Sweet potato mont blanc

Mont blanc is traditionally a French dessert, featuring a puree of chestnut piped over whipped cream and topped with powdered sugar to resemble a snow-capped mountain; fun fact, mont blanc is French for white mountain. This dessert is popular in both France and Japan, and other varieties use sweet potatoes, shiro an or azuki beans instead of chestnut. For my rendition, I chose to use sweet potatoes, because I really love the airy and light a sweet potato puree can be, and how beautifully it can pair with butter.

While mont blanc is typically just the puree on cream with puree, a lot of bakeries serve it on top of something, whether it be a piece of pate sucre or a small cake. I like to pipe my mont blanc onto financier, and I am more than comfortable with making a sweet potato financier. For those of you who do not know what a financier is, they are French brown butter-almond spongecakes that are reminiscent of gold blocks. The name is rumored to come about from that fact, plus the dessert being popular with French bankers. Being an accountant, I thought it would be a fun play on words, being a a financier i.e. practitioner of finance, making a financier. Just humor me and laugh. Please. Don’t make this awkward.

For the financier, I used equal parts flour, almond meal, and sweet potato puree. Normally, you would use three parts almond meal to one part flour, but I needed the extra flour there so that the glutens can bind the batter, while the sweet potato puree will lighten it up. I also used the skins to make sweet potato croquants, which is like a thin, crunchy toffee, and to echo the pairing of butter and potatoes, I topped the dessert with a butter snow, using tapioca maltodextrin and butter, in lieu of the powdered sugar, since I did not want to cake my dessert in that. This recipe can make up to twenty four mini, rectangular mont blancs.

For sweet potato puree:
1 large sweet potato
a pinch of salt

Rinse the sweet potato. Peel and reserve the skins. Cube. Boil the sweet potato until tender. Puree and pass through a strainer.

For potato croquant:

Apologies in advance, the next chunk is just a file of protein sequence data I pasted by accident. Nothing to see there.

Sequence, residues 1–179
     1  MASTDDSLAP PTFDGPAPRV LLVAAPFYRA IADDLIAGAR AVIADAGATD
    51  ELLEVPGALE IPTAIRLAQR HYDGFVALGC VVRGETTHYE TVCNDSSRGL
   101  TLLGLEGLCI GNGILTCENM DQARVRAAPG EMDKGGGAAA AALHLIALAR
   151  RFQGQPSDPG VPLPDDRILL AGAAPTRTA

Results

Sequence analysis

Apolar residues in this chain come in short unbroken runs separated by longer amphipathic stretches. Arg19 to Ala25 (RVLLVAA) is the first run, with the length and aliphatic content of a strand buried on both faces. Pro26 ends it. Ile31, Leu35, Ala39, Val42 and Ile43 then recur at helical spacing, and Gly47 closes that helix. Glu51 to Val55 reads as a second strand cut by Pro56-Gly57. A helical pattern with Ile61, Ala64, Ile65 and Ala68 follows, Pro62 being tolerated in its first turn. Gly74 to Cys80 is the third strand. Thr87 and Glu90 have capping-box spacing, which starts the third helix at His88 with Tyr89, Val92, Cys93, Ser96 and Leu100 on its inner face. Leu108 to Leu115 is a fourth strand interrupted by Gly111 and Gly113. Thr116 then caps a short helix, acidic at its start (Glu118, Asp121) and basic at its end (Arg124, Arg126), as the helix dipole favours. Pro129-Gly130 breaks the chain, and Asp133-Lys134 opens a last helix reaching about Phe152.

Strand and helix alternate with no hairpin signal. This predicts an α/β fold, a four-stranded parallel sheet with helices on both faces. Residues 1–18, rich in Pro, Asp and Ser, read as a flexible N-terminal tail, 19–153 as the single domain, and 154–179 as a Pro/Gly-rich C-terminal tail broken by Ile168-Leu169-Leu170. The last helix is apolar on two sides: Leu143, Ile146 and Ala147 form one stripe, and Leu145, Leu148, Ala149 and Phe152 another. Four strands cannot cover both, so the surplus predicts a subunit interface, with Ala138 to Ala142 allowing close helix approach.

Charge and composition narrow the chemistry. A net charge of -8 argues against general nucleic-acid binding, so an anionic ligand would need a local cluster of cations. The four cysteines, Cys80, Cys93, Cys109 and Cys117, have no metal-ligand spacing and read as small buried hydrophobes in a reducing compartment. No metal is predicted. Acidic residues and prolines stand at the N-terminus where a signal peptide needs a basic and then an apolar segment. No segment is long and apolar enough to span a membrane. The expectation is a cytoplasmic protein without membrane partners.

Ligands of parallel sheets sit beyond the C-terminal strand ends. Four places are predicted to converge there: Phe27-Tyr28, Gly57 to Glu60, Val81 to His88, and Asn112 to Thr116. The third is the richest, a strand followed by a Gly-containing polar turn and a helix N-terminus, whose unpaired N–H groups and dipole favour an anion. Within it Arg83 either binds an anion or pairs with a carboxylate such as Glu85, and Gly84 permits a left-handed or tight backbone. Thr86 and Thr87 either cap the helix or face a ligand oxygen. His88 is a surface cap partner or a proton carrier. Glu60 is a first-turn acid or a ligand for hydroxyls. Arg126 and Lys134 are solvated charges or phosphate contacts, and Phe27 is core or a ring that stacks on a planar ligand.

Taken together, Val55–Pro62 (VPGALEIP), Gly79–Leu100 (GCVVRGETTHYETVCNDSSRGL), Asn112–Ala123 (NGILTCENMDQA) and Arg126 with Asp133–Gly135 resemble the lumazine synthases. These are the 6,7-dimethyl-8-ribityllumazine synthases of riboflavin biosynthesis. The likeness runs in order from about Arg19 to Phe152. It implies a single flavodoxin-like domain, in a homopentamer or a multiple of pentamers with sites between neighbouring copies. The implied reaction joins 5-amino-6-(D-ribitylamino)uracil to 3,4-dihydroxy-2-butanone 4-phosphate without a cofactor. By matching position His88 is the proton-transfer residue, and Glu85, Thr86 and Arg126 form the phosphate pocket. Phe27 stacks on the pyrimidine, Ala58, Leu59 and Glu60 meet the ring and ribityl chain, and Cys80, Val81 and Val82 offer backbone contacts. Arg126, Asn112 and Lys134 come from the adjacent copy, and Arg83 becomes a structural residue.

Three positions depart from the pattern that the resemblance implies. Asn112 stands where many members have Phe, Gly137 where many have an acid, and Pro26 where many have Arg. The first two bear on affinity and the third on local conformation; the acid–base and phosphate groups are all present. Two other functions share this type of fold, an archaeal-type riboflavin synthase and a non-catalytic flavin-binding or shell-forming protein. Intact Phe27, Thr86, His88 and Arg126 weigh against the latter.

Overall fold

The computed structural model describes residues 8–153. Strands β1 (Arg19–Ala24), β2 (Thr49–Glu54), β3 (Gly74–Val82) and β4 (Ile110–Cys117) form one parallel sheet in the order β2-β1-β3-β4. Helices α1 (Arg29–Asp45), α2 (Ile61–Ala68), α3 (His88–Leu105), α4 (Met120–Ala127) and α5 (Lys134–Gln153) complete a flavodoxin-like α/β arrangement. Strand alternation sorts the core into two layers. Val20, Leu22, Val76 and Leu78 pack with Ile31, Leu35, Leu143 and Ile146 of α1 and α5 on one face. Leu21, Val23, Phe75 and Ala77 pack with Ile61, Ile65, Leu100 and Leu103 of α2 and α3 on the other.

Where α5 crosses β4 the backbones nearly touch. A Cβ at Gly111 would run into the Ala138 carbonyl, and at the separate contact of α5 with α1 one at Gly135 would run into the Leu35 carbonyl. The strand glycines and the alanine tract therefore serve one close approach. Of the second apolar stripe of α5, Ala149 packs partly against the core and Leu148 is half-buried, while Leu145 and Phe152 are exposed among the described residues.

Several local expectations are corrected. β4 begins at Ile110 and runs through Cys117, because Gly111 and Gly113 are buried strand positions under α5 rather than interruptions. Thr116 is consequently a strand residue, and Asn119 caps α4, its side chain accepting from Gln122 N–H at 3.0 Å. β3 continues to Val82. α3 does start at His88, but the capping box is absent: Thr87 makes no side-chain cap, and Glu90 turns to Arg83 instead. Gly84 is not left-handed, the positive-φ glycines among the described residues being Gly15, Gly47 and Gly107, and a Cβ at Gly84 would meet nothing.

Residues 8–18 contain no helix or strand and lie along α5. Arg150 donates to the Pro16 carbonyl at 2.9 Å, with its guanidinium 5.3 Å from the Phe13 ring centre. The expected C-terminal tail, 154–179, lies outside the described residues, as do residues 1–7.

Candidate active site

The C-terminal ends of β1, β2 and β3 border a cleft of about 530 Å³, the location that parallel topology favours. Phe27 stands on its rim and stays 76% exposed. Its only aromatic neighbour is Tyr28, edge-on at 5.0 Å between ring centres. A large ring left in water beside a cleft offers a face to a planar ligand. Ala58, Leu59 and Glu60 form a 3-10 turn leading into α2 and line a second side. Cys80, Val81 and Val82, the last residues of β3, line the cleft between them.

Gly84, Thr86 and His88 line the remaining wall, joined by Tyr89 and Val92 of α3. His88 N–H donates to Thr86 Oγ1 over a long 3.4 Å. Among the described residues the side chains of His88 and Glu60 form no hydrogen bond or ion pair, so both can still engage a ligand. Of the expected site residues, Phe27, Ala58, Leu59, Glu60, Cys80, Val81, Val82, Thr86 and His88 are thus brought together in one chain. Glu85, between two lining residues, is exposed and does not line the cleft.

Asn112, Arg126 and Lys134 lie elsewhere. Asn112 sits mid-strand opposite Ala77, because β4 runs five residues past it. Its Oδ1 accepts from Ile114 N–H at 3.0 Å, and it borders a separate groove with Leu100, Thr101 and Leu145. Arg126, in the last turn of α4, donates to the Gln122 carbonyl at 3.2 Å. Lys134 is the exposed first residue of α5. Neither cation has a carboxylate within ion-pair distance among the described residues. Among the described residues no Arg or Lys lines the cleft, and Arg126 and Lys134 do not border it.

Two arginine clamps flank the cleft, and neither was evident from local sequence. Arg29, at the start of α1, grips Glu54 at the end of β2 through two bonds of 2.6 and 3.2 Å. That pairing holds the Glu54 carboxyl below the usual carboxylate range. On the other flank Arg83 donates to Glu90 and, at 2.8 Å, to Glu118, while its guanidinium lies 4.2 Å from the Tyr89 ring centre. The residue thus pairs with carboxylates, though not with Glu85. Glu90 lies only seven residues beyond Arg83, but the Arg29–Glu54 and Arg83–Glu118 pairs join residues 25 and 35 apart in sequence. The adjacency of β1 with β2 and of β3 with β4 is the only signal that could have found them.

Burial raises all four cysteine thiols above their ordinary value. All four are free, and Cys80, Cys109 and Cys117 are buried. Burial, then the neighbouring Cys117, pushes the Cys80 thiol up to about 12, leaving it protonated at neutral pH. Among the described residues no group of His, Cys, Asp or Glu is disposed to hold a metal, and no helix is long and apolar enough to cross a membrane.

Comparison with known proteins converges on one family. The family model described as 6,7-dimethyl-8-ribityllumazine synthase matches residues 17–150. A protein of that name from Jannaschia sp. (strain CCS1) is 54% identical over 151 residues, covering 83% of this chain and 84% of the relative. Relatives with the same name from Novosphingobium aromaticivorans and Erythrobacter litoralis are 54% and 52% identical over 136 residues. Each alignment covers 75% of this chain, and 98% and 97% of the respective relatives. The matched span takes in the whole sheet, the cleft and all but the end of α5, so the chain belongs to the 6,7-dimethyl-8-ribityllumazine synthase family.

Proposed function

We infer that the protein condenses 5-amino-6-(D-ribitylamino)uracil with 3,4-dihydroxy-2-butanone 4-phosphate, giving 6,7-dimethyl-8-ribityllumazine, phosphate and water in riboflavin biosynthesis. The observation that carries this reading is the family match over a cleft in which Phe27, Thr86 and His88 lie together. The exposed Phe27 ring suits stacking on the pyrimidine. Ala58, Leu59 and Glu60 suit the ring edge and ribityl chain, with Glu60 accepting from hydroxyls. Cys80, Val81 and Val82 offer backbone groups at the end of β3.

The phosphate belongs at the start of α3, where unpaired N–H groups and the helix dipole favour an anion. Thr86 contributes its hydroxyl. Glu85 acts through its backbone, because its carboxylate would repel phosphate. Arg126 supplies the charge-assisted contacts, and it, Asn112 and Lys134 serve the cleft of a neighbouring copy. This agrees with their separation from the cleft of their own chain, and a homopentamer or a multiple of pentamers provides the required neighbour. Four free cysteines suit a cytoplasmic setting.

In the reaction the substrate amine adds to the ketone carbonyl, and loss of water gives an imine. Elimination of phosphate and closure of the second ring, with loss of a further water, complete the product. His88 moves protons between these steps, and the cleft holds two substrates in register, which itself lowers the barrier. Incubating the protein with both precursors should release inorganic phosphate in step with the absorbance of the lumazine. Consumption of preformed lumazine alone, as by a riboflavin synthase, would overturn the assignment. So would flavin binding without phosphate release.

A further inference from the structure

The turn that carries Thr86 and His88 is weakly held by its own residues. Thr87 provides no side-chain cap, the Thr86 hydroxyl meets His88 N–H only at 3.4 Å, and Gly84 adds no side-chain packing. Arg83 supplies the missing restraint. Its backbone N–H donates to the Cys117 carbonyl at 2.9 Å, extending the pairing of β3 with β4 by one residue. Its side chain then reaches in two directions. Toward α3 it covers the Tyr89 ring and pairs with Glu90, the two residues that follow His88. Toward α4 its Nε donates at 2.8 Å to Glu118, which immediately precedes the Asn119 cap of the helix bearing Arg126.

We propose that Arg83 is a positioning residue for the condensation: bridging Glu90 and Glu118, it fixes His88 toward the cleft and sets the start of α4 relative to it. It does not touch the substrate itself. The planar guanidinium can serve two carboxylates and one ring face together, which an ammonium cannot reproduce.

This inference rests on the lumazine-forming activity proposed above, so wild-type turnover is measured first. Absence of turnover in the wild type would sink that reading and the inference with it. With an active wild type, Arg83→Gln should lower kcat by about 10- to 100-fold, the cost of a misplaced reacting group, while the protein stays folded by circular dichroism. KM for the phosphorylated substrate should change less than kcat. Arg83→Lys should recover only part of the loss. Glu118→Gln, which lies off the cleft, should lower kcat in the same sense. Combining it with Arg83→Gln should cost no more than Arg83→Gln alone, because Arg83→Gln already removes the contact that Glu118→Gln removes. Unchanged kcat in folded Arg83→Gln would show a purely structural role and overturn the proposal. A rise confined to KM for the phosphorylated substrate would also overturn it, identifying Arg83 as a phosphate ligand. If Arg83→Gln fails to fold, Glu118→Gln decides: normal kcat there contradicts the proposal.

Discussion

Potato skins
1/4 cup granulated sugar
2 tablespoons canola oil
a pinch of salt
1/2 teaspoon vanilla extract

Combine ingredients and lay out on a lined baking sheet. Bake at 350 degrees F for 12 minutes. Cool completely before removing from the baking sheet.

Sweet potato financier:
3 egg whites
3/4 cups granulated sugar
1/3 cup sweet potato puree
1/3 cup all-purpose flour
1/3 cup almond meal; sifted
1/2 teaspoon baking powder
1/2 cup browned butter

Whip egg whites with granulated sugar until they form stiff peaks. Fold the brown butter into the sweet potato puree. Combine sifted flour and almond meal. Fold together all of the ingredients. Pour into brown butter-lined baking molds and bake at 350 degrees F at 25 minutes. Cool completely before unmolding.

Chantilly:
1/4 cup heavy cream
2 tablespoons granulated sugar
a pinch of sugar
1/2 teaspoon vanilla extract

Combine ingredients and whip to stiff peaks.

For the sweet potato mont blanc topping:
Sweet potato puree
Mizuame
a pinch of salt

Dilute the remaining puree with mizuame until it is loose enough to pass through the prongs in a fork. Season. Transfer into a piping bag with a grass tip.

Butter snow:
4 tablespoons unsalted butter
1/2 cup tapioca maltodextrin

Puree ingredients together. Freeze solid.

Assembly:
Top the cakes with chantilly and pipe the puree in a criss-cross motion over the cream. Use an offset spatula if necessary to level off the sides. Grate the butter snow over the puree. Top with the croquant to garnish.

 

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